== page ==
You are very brave, findingmymarbles, I salute you. Best wishes and good luck.

Mosman Thu 31-Jan-13 02:20:11

Please report this to the police asap. He needs it spelling out in no uncertain terms that what he did was disgraceful and the only people to do it are uniformed officers anyone else he won't see how awful it was.

izzyizin Thu 31-Jan-13 02:27:56

As many victims of sex crimes and domestic violence will testify, the police response to such complaints and the manner in which victims are treated can be something of a postcode lottery in that positive outcomes may depend on the experience and efficiency of the officer(s) who respond on the day.

From what you have written, it would appear that your ex's assault on you was sexual in intent and, for the reasons above, I once again urge you to make an appointment with an officer who operates out of your regional police authority's Sex Crimes Unit and who has been specially trained to investigate complaints of this nature.

If you are reporting petty theft or similar, taking potluck at your local police station is par for the course but it is not to be recommended to anyone who wishes to report the type of offence you have described.

Needless to say, making reference to a previous complainant when reporting an unwitnessed assault is something to be avoided as it may give the impression that the subsequent complainant is in cohoots with the party who made the first allegation.

izzyizin Thu 31-Jan-13 02:31:26

the only people to do it are uniformed officers IME plainclothes police officers have the expertise to point out the error of a suspect's ways as effectively as their uniformed counterparts, Mosman.

Mosman Thu 31-Jan-13 02:40:59

Somebody with a badge then

izzyizin Thu 31-Jan-13 02:53:09

Parking warden, bus driver, platform guard, museum attendant? I suspect they're not what you had in mind Mosman, albeit that some turn into little Hitlers authoritative figures once they don a uniform grin

Mosman Thu 31-Jan-13 03:02:10

This is a thread about somebody nearly being raped, you think that's appropriate, really ?

izzyizin Thu 31-Jan-13 04:57:27

FGS. I find it as appropriate as the implications of your risible belief that only uniformed officers can spell out to sex offenders 'in no uncertain terms' that their behaviour is 'disgraceful', Mosman.

If you spend a day at the coalface of violent crime, or at any venue which exposes you to the harsher realities of life and death, you may discover why indulging in light or dark humour on occasion is essential to the mental wellbeing of the workers.

Mosman Thu 31-Jan-13 04:59:29

you may discover why indulging in light or dark humour on occasion is essential to the mental wellbeing of the workers

And you think that's something an attempted rape victim might appreciate do you ?

izzyizin Thu 31-Jan-13 06:17:16

I see no reason why not, Mosman, but that may be because, unlike yourself, I don't seek to stereotype either police officers or victims of crime as I regard them as individuals and behave towards them accordingly.

In this case, the OP has continued to work which suggests she's adopted a pragmatic approach to her ordeal and, although she felt unnerved when 'a very good male friend made a gentle joke about what happened', she responded differently when her 'female friends made similar comments' which leads me to believe she has not suffered from any sense of humuor failure.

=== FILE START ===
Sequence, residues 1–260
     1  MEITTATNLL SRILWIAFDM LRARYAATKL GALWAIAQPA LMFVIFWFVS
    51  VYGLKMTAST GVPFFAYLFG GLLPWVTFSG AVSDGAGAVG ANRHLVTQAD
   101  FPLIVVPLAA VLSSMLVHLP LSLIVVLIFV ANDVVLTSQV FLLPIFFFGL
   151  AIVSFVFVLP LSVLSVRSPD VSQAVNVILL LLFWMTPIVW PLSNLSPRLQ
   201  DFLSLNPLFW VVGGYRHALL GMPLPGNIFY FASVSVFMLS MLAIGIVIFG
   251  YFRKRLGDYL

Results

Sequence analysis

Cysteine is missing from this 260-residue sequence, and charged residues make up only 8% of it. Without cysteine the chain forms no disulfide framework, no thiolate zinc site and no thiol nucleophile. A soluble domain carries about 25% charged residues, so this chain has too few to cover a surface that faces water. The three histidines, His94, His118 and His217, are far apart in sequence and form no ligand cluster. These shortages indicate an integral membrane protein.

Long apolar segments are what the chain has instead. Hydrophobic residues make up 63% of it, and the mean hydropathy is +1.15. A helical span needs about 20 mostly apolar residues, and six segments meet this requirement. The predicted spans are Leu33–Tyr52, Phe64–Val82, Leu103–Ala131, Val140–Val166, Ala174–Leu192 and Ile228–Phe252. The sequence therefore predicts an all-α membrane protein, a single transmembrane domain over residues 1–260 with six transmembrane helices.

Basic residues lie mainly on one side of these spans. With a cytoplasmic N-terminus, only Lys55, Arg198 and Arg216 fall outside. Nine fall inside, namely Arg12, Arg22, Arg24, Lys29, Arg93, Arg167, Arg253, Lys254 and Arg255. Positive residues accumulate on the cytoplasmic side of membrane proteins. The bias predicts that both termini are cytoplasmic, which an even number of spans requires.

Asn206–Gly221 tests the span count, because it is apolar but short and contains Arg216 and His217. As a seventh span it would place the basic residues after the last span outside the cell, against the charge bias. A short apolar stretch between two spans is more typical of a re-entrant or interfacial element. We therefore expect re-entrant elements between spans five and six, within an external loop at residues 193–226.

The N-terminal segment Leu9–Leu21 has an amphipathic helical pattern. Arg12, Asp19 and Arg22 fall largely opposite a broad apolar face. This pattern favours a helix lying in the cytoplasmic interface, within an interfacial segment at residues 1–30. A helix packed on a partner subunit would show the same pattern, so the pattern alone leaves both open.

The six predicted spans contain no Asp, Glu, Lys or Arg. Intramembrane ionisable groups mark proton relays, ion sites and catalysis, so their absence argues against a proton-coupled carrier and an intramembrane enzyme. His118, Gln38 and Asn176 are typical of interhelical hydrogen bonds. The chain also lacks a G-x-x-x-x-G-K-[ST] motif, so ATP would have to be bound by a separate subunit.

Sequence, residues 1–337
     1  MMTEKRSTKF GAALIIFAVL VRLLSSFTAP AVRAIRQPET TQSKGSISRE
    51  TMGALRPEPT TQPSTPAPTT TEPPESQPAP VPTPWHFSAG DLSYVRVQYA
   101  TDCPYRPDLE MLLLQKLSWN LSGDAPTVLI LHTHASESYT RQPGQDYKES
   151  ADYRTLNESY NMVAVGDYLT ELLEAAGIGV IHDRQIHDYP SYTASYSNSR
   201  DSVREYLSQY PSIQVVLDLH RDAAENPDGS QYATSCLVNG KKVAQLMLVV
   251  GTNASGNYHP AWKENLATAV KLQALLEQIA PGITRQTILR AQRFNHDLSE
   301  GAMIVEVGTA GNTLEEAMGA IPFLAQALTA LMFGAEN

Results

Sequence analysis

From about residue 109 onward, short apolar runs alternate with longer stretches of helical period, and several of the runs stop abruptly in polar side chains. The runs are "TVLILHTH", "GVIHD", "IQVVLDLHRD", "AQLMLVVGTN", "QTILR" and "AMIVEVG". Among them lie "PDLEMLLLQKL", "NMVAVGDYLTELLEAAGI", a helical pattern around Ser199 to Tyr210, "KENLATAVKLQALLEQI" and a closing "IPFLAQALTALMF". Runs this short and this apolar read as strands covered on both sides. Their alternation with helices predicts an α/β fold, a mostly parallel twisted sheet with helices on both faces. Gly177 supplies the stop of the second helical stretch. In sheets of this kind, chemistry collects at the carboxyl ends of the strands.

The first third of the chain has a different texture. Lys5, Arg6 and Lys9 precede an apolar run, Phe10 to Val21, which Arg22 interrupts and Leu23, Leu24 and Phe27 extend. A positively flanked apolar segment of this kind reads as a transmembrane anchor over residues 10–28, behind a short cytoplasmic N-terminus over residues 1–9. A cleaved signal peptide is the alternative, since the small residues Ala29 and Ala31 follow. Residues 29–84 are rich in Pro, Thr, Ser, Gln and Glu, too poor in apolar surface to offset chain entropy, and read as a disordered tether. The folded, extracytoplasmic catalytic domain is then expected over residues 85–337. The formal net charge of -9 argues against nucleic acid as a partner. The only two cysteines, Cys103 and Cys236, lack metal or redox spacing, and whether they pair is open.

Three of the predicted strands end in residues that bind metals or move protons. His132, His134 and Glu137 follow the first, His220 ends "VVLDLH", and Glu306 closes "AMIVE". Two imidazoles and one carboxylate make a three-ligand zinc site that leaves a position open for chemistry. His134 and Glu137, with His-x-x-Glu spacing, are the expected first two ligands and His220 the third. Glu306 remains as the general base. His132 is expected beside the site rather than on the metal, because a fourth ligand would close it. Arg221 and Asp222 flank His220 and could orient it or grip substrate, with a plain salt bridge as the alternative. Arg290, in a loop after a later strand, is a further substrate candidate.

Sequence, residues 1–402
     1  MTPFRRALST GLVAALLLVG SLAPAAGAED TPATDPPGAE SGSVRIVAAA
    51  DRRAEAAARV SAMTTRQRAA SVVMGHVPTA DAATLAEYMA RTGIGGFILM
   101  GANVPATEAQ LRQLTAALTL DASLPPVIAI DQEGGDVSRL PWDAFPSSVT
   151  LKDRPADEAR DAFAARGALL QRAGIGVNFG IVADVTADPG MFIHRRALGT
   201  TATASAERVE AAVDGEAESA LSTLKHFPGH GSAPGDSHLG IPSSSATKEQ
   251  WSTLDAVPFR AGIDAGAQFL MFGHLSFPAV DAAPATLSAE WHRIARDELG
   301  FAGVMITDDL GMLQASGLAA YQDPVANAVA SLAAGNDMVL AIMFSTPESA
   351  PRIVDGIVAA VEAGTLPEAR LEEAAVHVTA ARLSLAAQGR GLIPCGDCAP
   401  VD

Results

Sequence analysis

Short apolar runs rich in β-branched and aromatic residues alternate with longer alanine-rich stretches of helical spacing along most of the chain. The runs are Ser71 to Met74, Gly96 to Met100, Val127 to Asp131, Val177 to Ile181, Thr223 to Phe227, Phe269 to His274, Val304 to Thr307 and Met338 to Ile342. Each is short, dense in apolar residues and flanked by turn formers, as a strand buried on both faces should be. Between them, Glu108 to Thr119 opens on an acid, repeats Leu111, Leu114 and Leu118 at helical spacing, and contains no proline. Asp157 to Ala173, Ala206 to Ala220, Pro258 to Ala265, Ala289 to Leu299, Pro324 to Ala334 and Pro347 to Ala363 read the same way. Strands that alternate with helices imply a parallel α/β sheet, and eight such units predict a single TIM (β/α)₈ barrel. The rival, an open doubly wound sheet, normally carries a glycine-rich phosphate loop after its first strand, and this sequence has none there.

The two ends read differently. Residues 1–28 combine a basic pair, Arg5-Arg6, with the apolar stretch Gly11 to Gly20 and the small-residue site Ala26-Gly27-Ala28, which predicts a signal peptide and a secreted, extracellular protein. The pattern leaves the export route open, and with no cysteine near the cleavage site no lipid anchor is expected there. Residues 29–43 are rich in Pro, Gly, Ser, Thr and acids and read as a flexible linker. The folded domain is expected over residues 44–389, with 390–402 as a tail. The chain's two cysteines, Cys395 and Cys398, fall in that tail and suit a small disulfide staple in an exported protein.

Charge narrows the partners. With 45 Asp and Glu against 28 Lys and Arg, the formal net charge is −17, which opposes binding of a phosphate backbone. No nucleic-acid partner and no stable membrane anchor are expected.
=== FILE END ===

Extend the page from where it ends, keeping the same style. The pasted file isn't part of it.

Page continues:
Neverthless, I have urged her - and do so yet again - to speak with a police officer who is specifically trained in sex crimes and, if she does not choose to act on this advice, I would suggest she makes contact with who are best placed to facilitate rl support and counselling should she at any time, no matter how many years may have elapsed, feel the need for such services.

At present, I suspect the OP is still experiencing feelings of shock, and quite possibly a residual sense of disbelief, that the man who had been her 'best friend for 3 years' could behave in such a manner, but it may be that making a statement could bring home to her the seriousness of what took place and how fortunate she was in being able to prevail on him to let her go.

It's often the case that it's only when realisation dawns as to how much worse an outcome could have been that the real business of processing a life threatening situation begins and, as unpalatable a thought it may be for the OP to come to terms with, for the time she was held prisoner in her ex's home, her life was under threat.

Under the circumstances, and in the light of further information the OP has posted, IMO this offender deserves considerably more than 'somebody with a badge' telling him in no uncertain terms he's 'disgraceful' but, unless she is able to refrain from mentioning what she was told yesterday, the already slim chance of him being brought to account for his actions will be further diminished.

sparklyjumper Thu 31-Jan-13 07:07:06

OP not sure if you are reading today but have a good read and a good think about all that izzyizin is saying. This is really serious, you might still be in shock now but at the very least don't discuss with the police what you have discussed with his ex, wrong as it may be it could undermine you badly and be used to make you look malicious which is almost certainly be what he will say.

IDreamedADreamOfSausageRolls Thu 31-Jan-13 08:10:42

Agree - report but don't mention the exw's incidents. None of that would be inadmissible in court. You need to get your incident on record without any danger of it looking like a malicious plot between angry women (sorry). Good luck.